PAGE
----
Cottesloe (National Theatre)
Where: West End
31 July 2008 WOS Rating: Average Reader Rating: Reader Reviews: View and add to our user reviews There is a really fascinating account in the programme for in the Cottesloe of the working method and rehearsal process adopted by director ...some trace of her Katie Mitchell and her colleagues on this theatre-and-film version of Dostoevsky’s great novel The Idiot.
I say “adopted” because there is an inescapable air of “setting out to do something experimental” in this method that suited
Waves, her 2006 production of Virginia Woolf’s The Waves much better. Woolf’s dream-like fragments of remembered experience and inner thoughts were ideally conveyed in a melange of sound, filmed episodes and brief re-enactments that amounted to a theatrical totality.
One isn’t necessarily looking for narrative consistency in this use of detailed close-up, conflicting yet complimentary imagery of screen and stage, maudlin string quartet music (played live) and endless fiddling about with camera angles, sound levels and lighting spills. But even if you’ve read the novel recently, you’d have a hard time guessing what the hell was going on.
Mitchell and her collaborators have at least understood very well that
The Idiot is primarily a book about obsession and madness, and the show they present boils down to a succession of states of mind, whispered confessions of fear and loathing, love and helplessness.
There is a tragic symmetry in the love triangle of the unutterably beautiful Nastasya Filippovna (
Hattie Morahan) and her rival suitors, the “mad” Christ-like Prince Myshkin ( Ben Whishaw) and the impassioned merchant’s son Rogozhin ( Jamie Ballard, recently Jonathan Miller’s Hamlet in Bristol). Encounters on trains and at parties are squashed together in a morbid gloaming which especially favours Whishaw’s unique brand of intelligent moping; he enacts the epileptic fit with frightening ferocity.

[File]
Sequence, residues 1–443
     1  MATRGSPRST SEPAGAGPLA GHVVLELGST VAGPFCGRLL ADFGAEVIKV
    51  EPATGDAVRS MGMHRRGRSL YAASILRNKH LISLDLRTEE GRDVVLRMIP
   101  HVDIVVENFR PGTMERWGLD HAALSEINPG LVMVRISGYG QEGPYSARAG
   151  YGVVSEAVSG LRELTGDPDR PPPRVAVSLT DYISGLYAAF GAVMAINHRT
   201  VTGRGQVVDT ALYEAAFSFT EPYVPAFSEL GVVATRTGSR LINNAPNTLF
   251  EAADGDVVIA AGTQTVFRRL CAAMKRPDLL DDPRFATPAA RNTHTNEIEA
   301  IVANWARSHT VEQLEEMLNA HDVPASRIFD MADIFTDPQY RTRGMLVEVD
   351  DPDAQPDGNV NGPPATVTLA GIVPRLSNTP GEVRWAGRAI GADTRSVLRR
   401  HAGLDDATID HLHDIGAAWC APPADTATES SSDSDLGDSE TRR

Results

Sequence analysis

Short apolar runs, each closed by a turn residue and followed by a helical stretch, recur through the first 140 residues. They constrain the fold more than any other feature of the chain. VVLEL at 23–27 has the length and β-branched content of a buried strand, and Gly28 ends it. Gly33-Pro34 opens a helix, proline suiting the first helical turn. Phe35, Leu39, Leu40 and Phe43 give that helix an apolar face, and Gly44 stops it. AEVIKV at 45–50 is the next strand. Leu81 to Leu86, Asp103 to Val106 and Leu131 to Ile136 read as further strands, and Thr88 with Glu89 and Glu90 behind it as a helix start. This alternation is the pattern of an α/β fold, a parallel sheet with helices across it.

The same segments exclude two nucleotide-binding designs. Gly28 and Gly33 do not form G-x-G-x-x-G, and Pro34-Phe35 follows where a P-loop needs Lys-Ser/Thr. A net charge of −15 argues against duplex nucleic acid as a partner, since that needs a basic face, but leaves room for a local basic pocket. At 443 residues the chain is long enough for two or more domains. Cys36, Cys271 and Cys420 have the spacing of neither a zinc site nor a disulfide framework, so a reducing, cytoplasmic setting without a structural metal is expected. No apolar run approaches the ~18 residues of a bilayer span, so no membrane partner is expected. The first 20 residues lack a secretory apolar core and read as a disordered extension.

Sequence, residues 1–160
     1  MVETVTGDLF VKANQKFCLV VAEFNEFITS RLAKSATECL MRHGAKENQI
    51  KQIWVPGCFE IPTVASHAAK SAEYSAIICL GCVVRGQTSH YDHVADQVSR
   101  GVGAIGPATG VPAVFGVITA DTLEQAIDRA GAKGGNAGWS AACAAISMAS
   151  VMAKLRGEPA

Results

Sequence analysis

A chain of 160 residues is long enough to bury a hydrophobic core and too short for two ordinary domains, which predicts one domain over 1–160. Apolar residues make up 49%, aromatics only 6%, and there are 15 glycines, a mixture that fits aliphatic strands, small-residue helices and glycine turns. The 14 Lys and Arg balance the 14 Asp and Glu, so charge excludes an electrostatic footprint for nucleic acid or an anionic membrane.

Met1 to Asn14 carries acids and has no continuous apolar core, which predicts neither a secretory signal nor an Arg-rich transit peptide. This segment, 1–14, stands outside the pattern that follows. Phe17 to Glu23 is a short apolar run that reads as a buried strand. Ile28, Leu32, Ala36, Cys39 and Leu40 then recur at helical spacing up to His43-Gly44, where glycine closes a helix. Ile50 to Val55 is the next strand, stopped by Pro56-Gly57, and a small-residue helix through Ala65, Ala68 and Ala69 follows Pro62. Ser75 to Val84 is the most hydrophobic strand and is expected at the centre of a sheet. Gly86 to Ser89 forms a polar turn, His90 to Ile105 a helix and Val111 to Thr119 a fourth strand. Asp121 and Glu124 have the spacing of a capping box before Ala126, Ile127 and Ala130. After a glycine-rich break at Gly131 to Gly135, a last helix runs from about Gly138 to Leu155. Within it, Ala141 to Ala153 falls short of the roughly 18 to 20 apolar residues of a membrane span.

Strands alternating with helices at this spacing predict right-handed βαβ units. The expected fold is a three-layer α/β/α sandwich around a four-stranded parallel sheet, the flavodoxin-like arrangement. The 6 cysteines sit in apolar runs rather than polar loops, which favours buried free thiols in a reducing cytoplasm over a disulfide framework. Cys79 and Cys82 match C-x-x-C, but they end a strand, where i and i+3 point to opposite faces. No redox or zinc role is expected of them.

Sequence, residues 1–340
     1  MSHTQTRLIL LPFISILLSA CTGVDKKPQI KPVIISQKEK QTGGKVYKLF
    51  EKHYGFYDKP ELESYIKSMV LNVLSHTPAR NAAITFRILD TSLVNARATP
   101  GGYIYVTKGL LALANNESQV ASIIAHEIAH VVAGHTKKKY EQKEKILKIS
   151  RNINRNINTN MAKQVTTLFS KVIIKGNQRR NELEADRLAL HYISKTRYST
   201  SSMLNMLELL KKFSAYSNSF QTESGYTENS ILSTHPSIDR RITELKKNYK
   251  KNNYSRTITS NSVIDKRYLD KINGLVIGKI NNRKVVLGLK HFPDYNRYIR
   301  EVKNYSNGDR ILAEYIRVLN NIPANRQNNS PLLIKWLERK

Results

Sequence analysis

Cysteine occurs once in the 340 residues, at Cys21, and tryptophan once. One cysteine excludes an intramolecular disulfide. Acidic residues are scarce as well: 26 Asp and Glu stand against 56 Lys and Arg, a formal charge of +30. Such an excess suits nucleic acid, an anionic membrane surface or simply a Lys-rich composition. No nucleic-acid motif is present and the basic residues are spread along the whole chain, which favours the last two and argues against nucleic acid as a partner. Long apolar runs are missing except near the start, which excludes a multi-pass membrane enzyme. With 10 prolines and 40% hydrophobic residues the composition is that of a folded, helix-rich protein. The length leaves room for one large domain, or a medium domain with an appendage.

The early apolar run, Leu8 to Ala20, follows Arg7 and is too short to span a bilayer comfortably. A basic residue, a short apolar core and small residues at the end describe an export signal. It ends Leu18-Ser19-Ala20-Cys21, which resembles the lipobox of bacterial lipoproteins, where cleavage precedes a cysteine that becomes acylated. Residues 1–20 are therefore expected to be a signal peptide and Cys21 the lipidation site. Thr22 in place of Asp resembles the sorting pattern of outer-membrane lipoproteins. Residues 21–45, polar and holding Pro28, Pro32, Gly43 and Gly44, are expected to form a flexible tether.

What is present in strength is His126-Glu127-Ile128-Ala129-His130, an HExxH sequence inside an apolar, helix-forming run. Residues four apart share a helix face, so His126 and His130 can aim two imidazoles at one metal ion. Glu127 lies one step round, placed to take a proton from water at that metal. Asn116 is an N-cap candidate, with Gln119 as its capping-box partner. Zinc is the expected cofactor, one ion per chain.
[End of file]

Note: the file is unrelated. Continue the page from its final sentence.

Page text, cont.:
The National first produced
The Idiot, in a stage version by Simon Gray, at the Old Vic in 1970. Derek Jacobi was the prince and a huge cast included Morahan’s mother, Anna Carteret, as a walk-on. It was a literal, heavy-handed evening. This is the opposite, and I suppose preferable, but it remains locked inside its methodology and curiously uninvolving.
Mitchell’s regular team of designer
Vicki Mortimer, lighting designer Paule Constable and sound man Gareth Fry all provide skilled technical back-up, but this is not a revelatory Dostoevsky exercise to compare with the work of Tadeusz Kantor or Andrzej Wajda, whose 1994 film Nastasya is a compelling, hallucinogenic account of the book’s final chapter.
- Michael Coveney
Score Comment Date Fortunately, theatre is subjective and, in my view, some trace of her is an oustanding piece of work. Katie Mitchell and her remarkable team produce haunting and memorable images which beautifully convey aspects of The Idiot. Ben Whishaw and Hattie Morahan are quite stunning. - fred 18 Oct 08 The only thing I take issue with in Michael Coveney's WOS review is the that the programme notes ae fascinating. I found them very dull; otherwise, I'm with him on how uninvolving this production was. It is completely at the mercy of its technique, a victim of its method. On stage you mostly get lots of equipment-moving, camera pointing, technical set-ups; on screen you get amateurish images resulting from all this activity, so we're left with neither a decent stage show or a good 'film'. When Katie Mitchell moves away from the South Bank she produces good, effective, sparse work, underlining how she seems to treat the NT as a sort of toyshop, in which they unfortunately indulge her. This production, with its ludicrous "...", is an example of KM putting her stamp on a piece so heavily it's flattened beyond recognition. - Sycamore Flint 07 Oct 08
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